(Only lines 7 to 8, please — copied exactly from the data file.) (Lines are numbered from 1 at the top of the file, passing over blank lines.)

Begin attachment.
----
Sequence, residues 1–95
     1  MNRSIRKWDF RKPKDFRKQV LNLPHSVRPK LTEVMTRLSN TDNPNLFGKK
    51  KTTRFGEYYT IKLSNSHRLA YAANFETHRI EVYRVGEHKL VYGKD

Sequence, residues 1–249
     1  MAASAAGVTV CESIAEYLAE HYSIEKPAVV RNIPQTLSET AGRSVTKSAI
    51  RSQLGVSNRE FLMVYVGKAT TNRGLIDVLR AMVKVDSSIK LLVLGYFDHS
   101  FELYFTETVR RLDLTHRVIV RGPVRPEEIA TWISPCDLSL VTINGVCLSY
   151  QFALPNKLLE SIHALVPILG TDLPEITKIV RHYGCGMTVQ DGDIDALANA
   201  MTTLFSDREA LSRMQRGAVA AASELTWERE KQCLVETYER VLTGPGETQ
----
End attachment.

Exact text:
   101  FELYFTETVR RLDLTHRVIV RGPVRPEEIA TWISPCDLSL VTINGVCLSY
   151  QFALPNKLLE SIHALVPILG TDLPEITKIV RHYGCGMTVQ DGDIDALANA